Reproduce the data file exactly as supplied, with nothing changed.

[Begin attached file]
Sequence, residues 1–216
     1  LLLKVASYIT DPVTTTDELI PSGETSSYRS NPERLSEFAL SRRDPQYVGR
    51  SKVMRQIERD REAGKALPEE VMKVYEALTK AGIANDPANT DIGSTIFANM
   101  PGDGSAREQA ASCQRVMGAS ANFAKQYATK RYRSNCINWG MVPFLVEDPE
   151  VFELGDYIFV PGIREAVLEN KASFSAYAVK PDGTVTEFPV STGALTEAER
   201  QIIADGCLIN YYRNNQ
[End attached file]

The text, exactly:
Sequence, residues 1–216
     1  LLLKVASYIT DPVTTTDELI PSGETSSYRS NPERLSEFAL SRRDPQYVGR
    51  SKVMRQIERD REAGKALPEE VMKVYEALTK AGIANDPANT DIGSTIFANM
   101  PGDGSAREQA ASCQRVMGAS ANFAKQYATK RYRSNCINWG MVPFLVEDPE
   151  VFELGDYIFV PGIREAVLEN KASFSAYAVK PDGTVTEFPV STGALTEAER
   201  QIIADGCLIN YYRNNQ